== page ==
The effect of protein-feeding strategy during lactation on performance of primiparous dairy cows fed total mixed ration
Mäntysaari, Päivi; Huhtanen, Pekka; Nousiainen, Juha; Virkki, Markku (2005)
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Livestock production science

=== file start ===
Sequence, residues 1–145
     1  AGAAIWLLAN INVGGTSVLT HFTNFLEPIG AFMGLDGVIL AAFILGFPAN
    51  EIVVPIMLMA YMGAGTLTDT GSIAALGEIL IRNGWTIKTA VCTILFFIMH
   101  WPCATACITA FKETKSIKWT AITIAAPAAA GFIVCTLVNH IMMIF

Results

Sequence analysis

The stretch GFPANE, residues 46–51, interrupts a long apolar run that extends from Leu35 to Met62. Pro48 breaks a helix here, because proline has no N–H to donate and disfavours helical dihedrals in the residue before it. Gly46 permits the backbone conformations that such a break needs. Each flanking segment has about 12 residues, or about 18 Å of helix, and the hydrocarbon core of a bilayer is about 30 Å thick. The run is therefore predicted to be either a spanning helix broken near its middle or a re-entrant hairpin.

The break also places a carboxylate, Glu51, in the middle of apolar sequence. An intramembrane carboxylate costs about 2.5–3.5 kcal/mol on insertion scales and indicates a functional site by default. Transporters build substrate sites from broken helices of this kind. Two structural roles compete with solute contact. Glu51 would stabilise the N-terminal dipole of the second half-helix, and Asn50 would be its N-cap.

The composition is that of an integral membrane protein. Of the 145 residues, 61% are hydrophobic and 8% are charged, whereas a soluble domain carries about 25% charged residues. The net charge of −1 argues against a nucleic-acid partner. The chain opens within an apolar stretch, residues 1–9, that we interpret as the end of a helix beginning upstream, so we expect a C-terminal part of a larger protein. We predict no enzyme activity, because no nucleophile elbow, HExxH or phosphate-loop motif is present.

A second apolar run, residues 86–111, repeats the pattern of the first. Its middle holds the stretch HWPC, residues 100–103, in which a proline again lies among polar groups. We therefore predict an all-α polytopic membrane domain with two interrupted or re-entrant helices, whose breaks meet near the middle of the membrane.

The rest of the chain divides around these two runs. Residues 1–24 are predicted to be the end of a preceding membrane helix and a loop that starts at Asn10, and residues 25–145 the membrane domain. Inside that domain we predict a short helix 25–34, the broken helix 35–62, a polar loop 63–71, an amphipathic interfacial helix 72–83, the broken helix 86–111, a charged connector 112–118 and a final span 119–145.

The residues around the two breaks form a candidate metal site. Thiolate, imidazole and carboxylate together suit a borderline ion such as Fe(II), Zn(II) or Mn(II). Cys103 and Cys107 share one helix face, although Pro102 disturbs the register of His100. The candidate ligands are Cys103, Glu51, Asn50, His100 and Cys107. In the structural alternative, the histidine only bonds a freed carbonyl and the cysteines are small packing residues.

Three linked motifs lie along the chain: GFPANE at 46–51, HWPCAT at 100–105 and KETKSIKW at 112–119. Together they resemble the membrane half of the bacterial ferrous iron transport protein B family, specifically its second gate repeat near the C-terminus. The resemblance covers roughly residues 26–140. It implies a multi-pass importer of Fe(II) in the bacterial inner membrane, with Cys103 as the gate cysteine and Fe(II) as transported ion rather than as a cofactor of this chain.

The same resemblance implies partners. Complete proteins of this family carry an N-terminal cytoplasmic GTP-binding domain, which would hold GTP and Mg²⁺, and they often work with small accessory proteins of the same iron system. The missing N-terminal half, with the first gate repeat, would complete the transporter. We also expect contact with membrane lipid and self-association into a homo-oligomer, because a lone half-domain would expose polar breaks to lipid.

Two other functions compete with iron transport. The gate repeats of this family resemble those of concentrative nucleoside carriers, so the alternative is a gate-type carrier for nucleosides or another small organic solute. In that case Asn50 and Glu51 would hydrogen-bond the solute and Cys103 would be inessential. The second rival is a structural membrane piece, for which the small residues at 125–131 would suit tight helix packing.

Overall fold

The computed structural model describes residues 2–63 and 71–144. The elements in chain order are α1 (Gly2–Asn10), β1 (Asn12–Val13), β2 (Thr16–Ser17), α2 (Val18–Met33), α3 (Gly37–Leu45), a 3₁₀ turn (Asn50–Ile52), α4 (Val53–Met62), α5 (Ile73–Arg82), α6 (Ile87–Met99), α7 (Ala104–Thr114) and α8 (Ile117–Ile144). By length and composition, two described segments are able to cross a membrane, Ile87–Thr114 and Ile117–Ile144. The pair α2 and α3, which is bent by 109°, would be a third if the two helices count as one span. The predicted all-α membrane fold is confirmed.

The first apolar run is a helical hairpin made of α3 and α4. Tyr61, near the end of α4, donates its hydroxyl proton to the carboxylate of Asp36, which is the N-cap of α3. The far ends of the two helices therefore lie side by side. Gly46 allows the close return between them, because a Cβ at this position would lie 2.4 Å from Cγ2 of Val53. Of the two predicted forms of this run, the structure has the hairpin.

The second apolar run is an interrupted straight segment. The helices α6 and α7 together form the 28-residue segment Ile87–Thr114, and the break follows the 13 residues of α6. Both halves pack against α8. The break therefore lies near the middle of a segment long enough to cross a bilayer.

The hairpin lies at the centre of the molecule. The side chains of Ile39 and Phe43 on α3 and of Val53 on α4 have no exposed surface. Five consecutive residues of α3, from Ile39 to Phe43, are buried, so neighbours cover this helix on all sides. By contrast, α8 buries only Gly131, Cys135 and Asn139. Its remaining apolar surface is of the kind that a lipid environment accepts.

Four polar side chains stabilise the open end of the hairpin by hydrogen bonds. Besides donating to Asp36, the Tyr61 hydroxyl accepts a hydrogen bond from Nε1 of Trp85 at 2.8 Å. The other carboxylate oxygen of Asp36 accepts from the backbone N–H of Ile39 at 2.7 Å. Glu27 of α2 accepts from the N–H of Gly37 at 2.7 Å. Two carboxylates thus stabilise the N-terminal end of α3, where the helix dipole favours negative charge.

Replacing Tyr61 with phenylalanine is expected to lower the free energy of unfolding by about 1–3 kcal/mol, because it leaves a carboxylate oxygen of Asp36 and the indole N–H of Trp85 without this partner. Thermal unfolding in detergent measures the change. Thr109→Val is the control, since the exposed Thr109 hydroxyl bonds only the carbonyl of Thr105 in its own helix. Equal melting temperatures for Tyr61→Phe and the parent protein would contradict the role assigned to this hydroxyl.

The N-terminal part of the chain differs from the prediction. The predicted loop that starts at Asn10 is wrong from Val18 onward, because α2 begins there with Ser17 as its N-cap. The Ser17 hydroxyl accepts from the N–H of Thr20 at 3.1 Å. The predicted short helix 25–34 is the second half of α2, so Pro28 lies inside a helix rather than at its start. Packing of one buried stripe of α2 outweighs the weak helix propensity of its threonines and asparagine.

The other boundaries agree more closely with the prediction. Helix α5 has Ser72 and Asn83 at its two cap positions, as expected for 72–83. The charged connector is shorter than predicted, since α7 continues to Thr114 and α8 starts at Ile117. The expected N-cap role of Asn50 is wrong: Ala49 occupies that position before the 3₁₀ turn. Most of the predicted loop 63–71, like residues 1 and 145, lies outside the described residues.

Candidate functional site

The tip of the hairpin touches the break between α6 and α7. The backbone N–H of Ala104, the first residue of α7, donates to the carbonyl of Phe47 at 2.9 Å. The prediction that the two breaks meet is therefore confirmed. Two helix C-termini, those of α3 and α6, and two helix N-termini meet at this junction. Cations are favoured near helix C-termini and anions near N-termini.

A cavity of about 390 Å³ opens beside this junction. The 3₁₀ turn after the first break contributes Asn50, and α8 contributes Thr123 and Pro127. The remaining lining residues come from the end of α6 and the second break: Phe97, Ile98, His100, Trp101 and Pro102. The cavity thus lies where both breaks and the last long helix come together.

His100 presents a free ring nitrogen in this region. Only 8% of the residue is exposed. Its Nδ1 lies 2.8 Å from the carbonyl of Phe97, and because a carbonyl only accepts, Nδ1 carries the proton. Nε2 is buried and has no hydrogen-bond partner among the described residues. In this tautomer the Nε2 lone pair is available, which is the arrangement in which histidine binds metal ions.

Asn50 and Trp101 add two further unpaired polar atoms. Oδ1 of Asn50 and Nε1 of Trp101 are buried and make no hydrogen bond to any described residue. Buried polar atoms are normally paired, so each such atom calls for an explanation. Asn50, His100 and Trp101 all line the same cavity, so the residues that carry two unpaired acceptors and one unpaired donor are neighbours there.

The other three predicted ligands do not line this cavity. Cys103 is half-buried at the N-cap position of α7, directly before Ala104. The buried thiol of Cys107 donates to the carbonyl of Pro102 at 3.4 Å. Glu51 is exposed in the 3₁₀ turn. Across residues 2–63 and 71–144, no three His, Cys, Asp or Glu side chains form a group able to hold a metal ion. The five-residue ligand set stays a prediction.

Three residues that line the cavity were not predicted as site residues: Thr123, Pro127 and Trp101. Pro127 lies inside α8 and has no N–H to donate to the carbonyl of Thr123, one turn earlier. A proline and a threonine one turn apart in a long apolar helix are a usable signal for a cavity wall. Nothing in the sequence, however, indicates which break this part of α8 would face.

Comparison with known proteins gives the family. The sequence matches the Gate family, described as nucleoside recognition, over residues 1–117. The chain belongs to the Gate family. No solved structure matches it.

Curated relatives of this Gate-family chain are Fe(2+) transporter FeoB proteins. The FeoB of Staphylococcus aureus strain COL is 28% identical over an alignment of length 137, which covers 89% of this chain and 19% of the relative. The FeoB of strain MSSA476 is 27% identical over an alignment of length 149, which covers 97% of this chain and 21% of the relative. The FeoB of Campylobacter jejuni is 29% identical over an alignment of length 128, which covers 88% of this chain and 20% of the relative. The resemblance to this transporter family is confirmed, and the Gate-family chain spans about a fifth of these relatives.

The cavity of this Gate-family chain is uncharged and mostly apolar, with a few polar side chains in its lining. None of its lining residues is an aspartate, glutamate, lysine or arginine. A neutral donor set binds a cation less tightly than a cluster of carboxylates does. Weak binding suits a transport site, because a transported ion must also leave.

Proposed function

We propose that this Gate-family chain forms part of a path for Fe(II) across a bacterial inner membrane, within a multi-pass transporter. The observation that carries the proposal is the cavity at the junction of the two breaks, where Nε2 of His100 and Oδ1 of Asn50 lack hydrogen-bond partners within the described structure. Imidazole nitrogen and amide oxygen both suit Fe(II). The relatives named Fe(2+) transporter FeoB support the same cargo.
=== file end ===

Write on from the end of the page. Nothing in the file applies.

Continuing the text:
Fifty primiparous Finnish Ayrshire cows were used in 2_2 factorial study. The factors were the protein-feeding strategy: constant (cCP) or variable (vCP) protein content in concentrate during lactation and the use of a commercial health product from 2 weeks pre- to 8 weeks postpartum. On treatment cCP, the CP content of the concentrate was 180 g/kg in dry matter (DM) throughout the lactation, and on vCP treatment, the CP content was 210, 180 and 150 g/kg DM during lactation days 0-100, 101-200 and 201-305, respectively. The concentrate blends included barley, oats, rapeseed meal, molassed sugar beet pulp and minerals and vitamins. Grass silage and ensiled wet sugar beet pulp (100 g/kg DM in TMR) were used as forage. The forage-toconcentrate ratio in TMR was 55:45 on both treatments. The experimental period was 305 days of the first lactation. The average daily milk yield (cCP: 26.3 kg/day vs. vCP: 27.5 kg/day) was higher ( Pb0.05) when feeding concentrate with decreasing protein content, but the effect was not seen in an energy-corrected milk (cCP: 28.1 kg/day vs. vCP: 29.0 kg/day). Milk composition was not affected by the protein-feeding strategy. Protein-feeding strategy had no effect on DM intake (cCP: 18.5 kg/day vs. vCP: 18.9 kg/day). The efficiency of CP utilization (milk protein/CP intake) was higher (0.327 vs. 0.301; Pb0.05) on vCP treatment during the last 100 days of lactation, but during the first 200 days of lactation, no significant difference was found. The average efficiency of CP utilization throughout the lactation was 0.32 with no difference between treatments. The protein-feeding strategy had no effect on the development of body condition scores of the cows. In midlactation, the cows on cCP treatment gained more weight than the cows on vCP treatment. The health product had no significant effect on production or feed intake. The results suggest that only small benefits can be obtained from feeding TMR to primiparous cows differing in CP content at various stages of lactation.
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